While research suggests that weighted objects have several positive benefits, they may not be appropriate or suitable for every child. Objects are often most effective when implemented with other sensory strategies and should be used only as directed by your child’s occupational therapist or doctor to best target their individualized needs and ensure safe and appropriate application.

Questions or concerns?
If you have questions or concerns about whether your child may benefit from using a weighted object, please contact us at info@playworkschicago.com or 773-332-9439.

Caitlin Chociej, MS, OTR/L
Occupational Therapist

References:

Chen, H., Yang, H., Chi, H., Chen, H. (2013). Physiological Effects of Deep Touch Pressure on Anxiety Alleviation: The Weighted Blanket Approach. Journal of Medical and Biological Engineering, 33(5), 463-470. doi:10.5405/jmbe.1043

Vandenberg, N. L. (2001). The Use of a Weighted Vest to Increase On-Task Behavior in Children with Attention Difficulties. American Journal of Occupational Therapy, 55(6), 621–628. doi: 10.5014/ajot.55.6.621

Photo Credit: Naomi Shi via Pexels

Planning and Sequencing for Success: A Guide to Understanding Praxis

Does your child have difficulties coming up with a plan for what they want to do, figuring out how they are going to do it, and then carrying out the task? If so, concerns with praxis may be a contributing factor. Praxis is complex and multi-step process that we often overlook, as it typically occurs on a sub-conscious level.

What is Praxis?

Praxis refers to the neurological process through which we plan, sequence, and complete the motor tasks we want to undertake. It can be through of as the way cognition directs movement actions. The planning and sequencing required for praxis are critical for completing everyday tasks such as walking, learning new routines, dressing, and even eating. For children experiencing difficulties with praxis, learning new movement patterns can be especially tricky. Challenges with praxis are referred to as apraxia or dyspraxia. These terms are often used interchangeably; however, dyspraxia is typically used to describe difficulties with planning and sequencing that are largely considered developmental.

The Four Elements of Praxis:

Learning new movement patterns is complex and involves many steps. The four elements of praxis are as follows:

  • Ideation: This involves your child generating an idea for what they want to do. For example, your child may see a bike and decide that his or her plan is to get on the bike to go for a ride.
  • Motor Planning: Motor planning involves your child figuring out how his or her body is going to carry out the plan. For example, your child may plan to stand on one foot, lift one leg, and swing it over the bike in order to mount it.
  • Execution: This refers to the body successfully or unsuccessfully carrying out the movement plan. For example, was your child able to successfully get on the bike, fall over, or get on backwards?
  • Feedback/Adaptation: This element of praxis involves your child reflecting on the feedback from the attempt in order to make changes in subsequent trials. For example, if your child got on the bike backwards, feedback/adaptation would involve your child facing the other way before attempting to mount the bike during his or her next try.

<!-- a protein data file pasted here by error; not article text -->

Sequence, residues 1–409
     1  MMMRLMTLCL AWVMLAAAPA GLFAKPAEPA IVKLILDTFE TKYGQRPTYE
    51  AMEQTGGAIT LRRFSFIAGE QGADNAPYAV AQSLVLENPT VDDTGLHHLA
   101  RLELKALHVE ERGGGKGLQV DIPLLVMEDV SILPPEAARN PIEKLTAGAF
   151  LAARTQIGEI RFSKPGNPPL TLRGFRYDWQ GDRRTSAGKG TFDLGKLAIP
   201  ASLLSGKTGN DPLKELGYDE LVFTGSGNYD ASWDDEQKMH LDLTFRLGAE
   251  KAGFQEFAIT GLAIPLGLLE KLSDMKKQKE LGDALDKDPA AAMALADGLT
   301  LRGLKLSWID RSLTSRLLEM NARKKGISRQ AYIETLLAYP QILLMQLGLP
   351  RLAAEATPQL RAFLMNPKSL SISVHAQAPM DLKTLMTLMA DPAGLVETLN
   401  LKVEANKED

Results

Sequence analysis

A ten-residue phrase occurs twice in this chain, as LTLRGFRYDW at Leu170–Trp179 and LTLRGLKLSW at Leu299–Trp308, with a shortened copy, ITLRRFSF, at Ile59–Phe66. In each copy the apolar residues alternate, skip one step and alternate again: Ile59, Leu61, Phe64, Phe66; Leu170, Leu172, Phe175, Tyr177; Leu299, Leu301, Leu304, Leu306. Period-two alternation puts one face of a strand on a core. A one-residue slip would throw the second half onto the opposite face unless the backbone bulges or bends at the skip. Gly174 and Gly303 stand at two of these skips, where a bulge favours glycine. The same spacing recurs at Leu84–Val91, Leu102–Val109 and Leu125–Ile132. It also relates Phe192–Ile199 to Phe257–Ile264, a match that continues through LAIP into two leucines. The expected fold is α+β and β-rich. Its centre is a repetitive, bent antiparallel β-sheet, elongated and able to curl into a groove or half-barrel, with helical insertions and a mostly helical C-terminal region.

What Do Difficulties with Praxis Look Like?

Children with dyspraxia may:

  • Appear to struggle with coordination or look clumsy.
  • Require more practice than their peers to learn new movement tasks.
  • Seem to struggle with sports.
  • Demonstrate difficulty following multi-step directions.
  • Experience low self-confidence when comparing themselves to peers.
  • Benefit from frequent hand-over-hand assistance when learning new tasks.
  • Appear to be disorganized.
  • Seem to demonstrate difficulty initiating tasks or knowing what to do with novel objects.
  • Demonstrate delays in developmental milestones such as crawling or walking.

What Is Required for Successful Motor Learning?

A variety of building blocks are required for successful planning, sequencing, and execution of motor tasks. Muscular strength, coordination, postural control, and body awareness all play a role in learning non-habitual movements. Moreover, sensory processing, or the ability to register, interpret, and respond to environmental stimuli affects praxis. Executive functioning, or the higher-level reasoning and organizational skills, additionally affect your child’s ability to plan for and problem-solve issues that may arise during trial and error. A skilled occupational therapist can help target where in the process your child may be struggling and implement a treatment plan for improved motor planning and sequencing skills.

Questions or concerns?

If you have questions or concerns about your child’s planning and sequencing of movements, please contact us at info@playworkschicago.com or 773-332-9439.

Natalie Machado, MS, OTR/L
Occupational Therapist

References:

Biel, L., & Peske, N. (2009). Raising a sensory smart child: The definitive handbook for helping your child with sensory processing issues. London, England: Penguin Books, Ltd.

Case-Smith, J., & Clifford O’Brien, J. (2015). Occupational therapy for children and adolescents (7th ed.). Canada: Mosby, Inc.

Photo credit: Photo by Jordan Sanchez on Unsplash.

Baby Boot Camp: The Importance of Tummy Time

Tummy time promotes development, strength, and a new visual perspective for your baby. Growing babies require many hours of sleep, which means your baby spends a large amount of time on his or her back to maintain a safe position while sleeping. Tummy time is pivotal during waking hours to strengthen the head, neck, and shoulder muscles and promote head control. Tummy time also gives your baby a fresh new perspective on the world as they can interact with toys and reach for objects in the environment. Tummy time is fundamental to your baby’s development and builds skills that promote later milestones of rolling over, crawling, and playing.